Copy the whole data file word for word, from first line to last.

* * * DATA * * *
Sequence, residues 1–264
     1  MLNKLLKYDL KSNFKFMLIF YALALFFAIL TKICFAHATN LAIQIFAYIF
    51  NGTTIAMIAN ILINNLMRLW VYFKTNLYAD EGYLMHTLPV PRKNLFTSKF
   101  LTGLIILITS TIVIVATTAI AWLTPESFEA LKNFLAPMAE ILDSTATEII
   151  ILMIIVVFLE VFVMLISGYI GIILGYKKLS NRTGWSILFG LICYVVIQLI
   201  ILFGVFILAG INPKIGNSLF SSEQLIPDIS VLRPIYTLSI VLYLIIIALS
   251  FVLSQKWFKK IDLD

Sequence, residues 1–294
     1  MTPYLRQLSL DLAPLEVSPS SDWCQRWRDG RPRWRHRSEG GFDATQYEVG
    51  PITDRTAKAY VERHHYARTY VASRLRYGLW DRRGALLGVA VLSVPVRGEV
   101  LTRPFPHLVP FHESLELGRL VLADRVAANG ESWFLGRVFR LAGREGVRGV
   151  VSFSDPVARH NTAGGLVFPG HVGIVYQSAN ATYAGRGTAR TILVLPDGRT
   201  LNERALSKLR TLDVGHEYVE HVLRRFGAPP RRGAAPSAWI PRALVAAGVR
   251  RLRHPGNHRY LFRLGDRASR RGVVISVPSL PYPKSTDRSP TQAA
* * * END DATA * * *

Sequence, residues 1–264
     1  MLNKLLKYDL KSNFKFMLIF YALALFFAIL TKICFAHATN LAIQIFAYIF
    51  NGTTIAMIAN ILINNLMRLW VYFKTNLYAD EGYLMHTLPV PRKNLFTSKF
   101  LTGLIILITS TIVIVATTAI AWLTPESFEA LKNFLAPMAE ILDSTATEII
   151  ILMIIVVFLE VFVMLISGYI GIILGYKKLS NRTGWSILFG LICYVVIQLI
   201  ILFGVFILAG INPKIGNSLF SSEQLIPDIS VLRPIYTLSI VLYLIIIALS
   251  FVLSQKWFKK IDLD

Sequence, residues 1–294
     1  MTPYLRQLSL DLAPLEVSPS SDWCQRWRDG RPRWRHRSEG GFDATQYEVG
    51  PITDRTAKAY VERHHYARTY VASRLRYGLW DRRGALLGVA VLSVPVRGEV
   101  LTRPFPHLVP FHESLELGRL VLADRVAANG ESWFLGRVFR LAGREGVRGV
   151  VSFSDPVARH NTAGGLVFPG HVGIVYQSAN ATYAGRGTAR TILVLPDGRT
   201  LNERALSKLR TLDVGHEYVE HVLRRFGAPP RRGAAPSAWI PRALVAAGVR
   251  RLRHPGNHRY LFRLGDRASR RGVVISVPSL PYPKSTDRSP TQAA